Dr. Marilyn Brandt examines diseased coral.
Photo courtesy of University of Virgin Islands VI-EPSCoR.
The pressing need in the Virgin Islands is and has been about generating revenues. The government treasury has a deficit and its up to lawmakers to find the money to pay for expenses and obligations.
But ideas seem hard to come by, even harder to agree on. Take heart, decision makers, you are not alone. Research scientists working at the University of the Virgin Islands have been seeking ways to grow the economy since 2005.
They took another look at the subject at the 2017 VI-EPSCoR Annual Conference, held at the University of the Virgin Islands. The theme this year was “Transforming Research into Economic Development.”
EPSCoR stands for the Experimental Program to Stimulate Competitive Research. VI-EPSCoR is one of 31 programs operating across the United States. One of the goals of the program is to apply the findings of locally-based research to bolster local economies.
In the Virgin Islands, most research work centers on marine science and oceanography.
The keynote speaker was Dr. Andy Burnett from the consulting group, Knowinnovation. He spoke about new findings in the area of scientific creativity.
Instead of relying on inspiration to spur creativity, researchers at Knowinnovation study the creative process and identify the steps that move an idea into the realm of reality, Burnett said.
“How we can consciously decide to be creative, rather than it happening as a random act, which happens all the time,” he said.
Deliberate creativity is fostered through the Sandpit Ideas Methodology, Burnett said. That method brings together different areas of research to work together in brief but intensive training sessions to form ideas and solve problems.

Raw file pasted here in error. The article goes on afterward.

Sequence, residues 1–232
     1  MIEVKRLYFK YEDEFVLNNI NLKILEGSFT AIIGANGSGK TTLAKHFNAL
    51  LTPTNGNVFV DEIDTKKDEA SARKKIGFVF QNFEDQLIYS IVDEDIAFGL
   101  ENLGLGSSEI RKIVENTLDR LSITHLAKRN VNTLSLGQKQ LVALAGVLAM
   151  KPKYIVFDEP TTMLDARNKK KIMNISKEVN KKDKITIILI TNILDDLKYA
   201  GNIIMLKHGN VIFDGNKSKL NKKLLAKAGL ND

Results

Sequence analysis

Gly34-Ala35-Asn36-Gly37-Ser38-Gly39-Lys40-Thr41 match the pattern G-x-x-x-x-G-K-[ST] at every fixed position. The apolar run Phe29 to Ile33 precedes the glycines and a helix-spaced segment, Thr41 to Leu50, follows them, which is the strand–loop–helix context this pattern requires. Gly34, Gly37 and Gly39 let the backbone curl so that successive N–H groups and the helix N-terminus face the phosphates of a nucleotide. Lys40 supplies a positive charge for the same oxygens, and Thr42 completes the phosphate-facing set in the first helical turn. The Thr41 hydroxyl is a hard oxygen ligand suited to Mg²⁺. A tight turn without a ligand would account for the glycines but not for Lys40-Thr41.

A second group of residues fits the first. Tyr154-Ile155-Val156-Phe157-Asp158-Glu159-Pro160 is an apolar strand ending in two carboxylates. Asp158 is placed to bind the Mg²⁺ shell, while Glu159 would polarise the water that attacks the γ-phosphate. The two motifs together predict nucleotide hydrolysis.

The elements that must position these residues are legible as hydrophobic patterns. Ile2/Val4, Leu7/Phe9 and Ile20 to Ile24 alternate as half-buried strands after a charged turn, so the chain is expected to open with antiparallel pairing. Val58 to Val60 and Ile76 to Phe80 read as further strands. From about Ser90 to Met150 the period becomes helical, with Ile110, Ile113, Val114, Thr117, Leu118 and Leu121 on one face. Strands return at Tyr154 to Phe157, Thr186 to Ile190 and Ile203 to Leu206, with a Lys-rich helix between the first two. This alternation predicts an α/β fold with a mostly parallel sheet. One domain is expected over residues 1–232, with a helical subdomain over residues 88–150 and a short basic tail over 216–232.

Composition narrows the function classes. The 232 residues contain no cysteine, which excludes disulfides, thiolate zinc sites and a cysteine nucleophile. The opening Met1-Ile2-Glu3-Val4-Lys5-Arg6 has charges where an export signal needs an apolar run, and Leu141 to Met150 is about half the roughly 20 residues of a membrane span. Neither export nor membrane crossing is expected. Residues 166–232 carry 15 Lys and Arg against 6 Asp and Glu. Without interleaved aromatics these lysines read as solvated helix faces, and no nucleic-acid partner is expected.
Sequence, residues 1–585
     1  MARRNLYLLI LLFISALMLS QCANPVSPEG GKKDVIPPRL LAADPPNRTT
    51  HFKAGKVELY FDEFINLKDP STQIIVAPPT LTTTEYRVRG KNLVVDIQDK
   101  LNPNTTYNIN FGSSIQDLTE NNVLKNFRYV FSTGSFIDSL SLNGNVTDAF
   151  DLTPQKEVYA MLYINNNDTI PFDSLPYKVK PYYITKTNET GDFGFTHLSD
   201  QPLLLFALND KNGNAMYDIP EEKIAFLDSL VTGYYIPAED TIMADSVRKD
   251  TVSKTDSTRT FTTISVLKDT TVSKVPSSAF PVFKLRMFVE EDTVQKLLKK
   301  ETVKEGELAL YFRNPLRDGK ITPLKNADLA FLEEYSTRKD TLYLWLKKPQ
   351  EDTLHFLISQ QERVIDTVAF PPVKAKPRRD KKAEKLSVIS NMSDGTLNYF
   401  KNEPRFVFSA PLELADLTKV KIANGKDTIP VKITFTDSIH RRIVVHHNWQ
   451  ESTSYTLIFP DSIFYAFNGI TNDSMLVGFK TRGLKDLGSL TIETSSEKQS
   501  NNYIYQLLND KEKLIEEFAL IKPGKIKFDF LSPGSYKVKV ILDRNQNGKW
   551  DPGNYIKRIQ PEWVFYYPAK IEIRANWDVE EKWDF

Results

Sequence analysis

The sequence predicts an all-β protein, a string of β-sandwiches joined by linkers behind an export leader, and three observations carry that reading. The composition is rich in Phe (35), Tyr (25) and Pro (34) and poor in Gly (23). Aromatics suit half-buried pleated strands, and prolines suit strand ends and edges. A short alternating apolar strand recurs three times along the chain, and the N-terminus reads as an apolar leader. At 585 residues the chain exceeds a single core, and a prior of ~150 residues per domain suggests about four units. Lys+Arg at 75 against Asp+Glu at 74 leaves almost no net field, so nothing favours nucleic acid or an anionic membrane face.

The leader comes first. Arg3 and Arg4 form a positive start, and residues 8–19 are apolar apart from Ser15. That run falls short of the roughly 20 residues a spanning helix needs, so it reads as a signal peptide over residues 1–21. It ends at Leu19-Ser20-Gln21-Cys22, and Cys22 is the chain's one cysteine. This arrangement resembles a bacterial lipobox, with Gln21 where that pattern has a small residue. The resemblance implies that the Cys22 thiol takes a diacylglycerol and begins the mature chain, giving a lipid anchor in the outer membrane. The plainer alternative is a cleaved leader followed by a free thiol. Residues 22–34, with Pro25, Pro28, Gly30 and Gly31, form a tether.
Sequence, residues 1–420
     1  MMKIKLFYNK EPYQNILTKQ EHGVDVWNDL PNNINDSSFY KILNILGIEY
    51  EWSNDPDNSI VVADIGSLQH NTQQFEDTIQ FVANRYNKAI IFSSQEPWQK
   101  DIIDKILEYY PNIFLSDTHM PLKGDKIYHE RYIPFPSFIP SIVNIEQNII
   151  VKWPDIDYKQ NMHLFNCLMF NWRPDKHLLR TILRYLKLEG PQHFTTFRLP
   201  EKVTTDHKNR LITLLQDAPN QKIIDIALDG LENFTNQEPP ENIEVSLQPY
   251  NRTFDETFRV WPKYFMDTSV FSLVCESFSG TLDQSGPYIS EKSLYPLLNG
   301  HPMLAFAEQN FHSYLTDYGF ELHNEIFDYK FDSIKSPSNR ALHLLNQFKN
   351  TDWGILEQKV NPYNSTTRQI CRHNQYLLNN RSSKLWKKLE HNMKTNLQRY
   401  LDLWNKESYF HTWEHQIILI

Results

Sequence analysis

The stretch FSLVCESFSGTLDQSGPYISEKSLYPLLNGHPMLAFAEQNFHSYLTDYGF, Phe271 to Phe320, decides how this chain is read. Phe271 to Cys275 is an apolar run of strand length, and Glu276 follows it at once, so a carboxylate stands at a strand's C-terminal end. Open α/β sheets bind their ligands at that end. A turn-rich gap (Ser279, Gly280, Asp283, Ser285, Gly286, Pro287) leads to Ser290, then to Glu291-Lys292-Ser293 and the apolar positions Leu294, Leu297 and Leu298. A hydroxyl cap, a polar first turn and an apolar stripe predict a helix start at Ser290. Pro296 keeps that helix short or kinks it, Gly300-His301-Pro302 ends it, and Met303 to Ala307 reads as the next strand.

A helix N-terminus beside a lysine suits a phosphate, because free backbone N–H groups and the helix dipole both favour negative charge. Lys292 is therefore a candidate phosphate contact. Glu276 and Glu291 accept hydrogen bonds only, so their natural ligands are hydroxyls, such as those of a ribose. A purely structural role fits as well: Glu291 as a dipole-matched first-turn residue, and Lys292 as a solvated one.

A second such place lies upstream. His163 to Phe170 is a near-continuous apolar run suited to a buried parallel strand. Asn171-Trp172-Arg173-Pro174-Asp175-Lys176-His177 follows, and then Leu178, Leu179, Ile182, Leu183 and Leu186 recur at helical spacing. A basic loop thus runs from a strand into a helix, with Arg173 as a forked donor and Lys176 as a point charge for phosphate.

Knowinnovation has already introduced the Sandpit creativity method in Guadalajara, Mexico to explore possibilities in economic development.
The acting director for UVI’s Center for Marine and Environmental Studies is Dr. Paul Jobsis. Speaking during a break in the conference Jobsis said the Virgin Islands may be on its way to making its own economic breakthrough.
A preliminary agreement between UVI and the Nature Conservancy, he said, may lead to creating a center for excellence in marine coral nursery research.
Scientists say widespread damage to reef systems worldwide, related to climate change, has generated thoughts about reef restoration. Coral nurseries could provide clues about the best way to bring dead and damaged reefs back to life, Jobsis said.
One such coral nursery was established in 2009 at Coral World Marine Park on St. Thomas with help from federal funding secured through the conservancy. As a first step in the new partnership the nurseries have been transferred to the university.
“That’s just been happening in the last month or two. We have one Memorandum of Understanding and we are going to work on a more encompassing one,” the CMES director said.
If the plan succeeds as envisioned, he said, economic benefits could follow.
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